A friend of mine asked whether I knew of such a book that offers both intuitive and formal explanations of how a wide range of statistical methods were originally derived. She wasn't looking for a cookbook with a host of statistical tests/techniques but a book that dives into the "common core" (for the lack of a better word) or principles behind these methods in a systematic manner.

As a non-statistician, I couldn't think of any but believe there must books or introductory texts like that. I'm more than interested to read them myself! (I also wish to get this book for my friend's birthday!)

I apologize if my question sounds naive on this forum! Any recommendations are greatly appreciated!

  • $\begingroup$ stats.stackexchange.com/questions/29380/… the link for a potentially helpful thread on statistics books that explain concepts by using more images than equations $\endgroup$ – PsychometStats Nov 7 '19 at 16:34
  • $\begingroup$ @PsychometStats That's super helpful! Thanks for pointing me to that thread!! $\endgroup$ – ramund Nov 7 '19 at 19:21
  • $\begingroup$ @Yuan_Meng you're welcome $\endgroup$ – PsychometStats Nov 7 '19 at 19:30

In many places, undergrads in statistics learn to derive common statistical procedures, so any standard text that has basic mathematical statistics - of which there are dozens of reasonably suitable choices - covers the basics of this. It requires little more than basic calculus and a little linear algebra to cover many of the tests discussed in a basic intro stats course.

A text like Wackerly, Mendenhall and Scheaffer, Mathematical Statistics with Applications has derivations for a number of basic tests (some might be partly covered in exercises). Pretty much any edition will do - you don't need a recent one, and there are any number of good alternatives at a similar level.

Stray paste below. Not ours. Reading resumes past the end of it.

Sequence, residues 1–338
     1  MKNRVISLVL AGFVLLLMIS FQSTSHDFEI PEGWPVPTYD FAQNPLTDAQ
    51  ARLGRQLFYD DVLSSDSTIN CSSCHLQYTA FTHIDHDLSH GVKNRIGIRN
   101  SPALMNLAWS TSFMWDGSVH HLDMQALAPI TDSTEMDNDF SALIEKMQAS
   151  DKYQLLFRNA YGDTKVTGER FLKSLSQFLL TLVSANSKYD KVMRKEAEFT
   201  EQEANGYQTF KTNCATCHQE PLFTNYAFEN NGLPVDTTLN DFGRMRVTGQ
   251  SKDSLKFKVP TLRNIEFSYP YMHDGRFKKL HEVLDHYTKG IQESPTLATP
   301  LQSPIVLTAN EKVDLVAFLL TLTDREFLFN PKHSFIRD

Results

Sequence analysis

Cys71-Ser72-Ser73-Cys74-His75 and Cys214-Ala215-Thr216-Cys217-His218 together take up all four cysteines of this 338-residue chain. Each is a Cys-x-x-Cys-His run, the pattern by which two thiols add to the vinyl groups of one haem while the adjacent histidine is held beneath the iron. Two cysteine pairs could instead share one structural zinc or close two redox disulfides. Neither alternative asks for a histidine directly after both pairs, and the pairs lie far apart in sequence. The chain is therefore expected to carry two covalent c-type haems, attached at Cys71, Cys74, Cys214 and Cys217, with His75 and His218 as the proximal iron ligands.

I'd probably start with something like that.

If you seek a little more depth (within a still-widely-used text), you might consider Casella and Berger, Statistical Inference. I don't claim either book is the best of its kind, just that they're widely used books.

I'd supplement those with a book on nonparametric statistics. Possibly something like Conover's Practical Nonparametric Statistics, which gives just about enough background to derive a number of popular tests, and to understand something of how permutation tests work.

What you'd need beyond that is a reasonable text on regression. I'll try to come back with a suggestion for that, but from my recollection Fox's book Applied Regression analysis and Generalized Linear Models was reasonable and if I recall correctly has some of the derivations.

If you want to look at the bootstrap, perhaps Davison and Hinkley, Bootstrap Methods and their Application.

What else you might look at (e.g. Bayesian stats, time series, survival analysis etc etc) depends on how broad a coverage you want.


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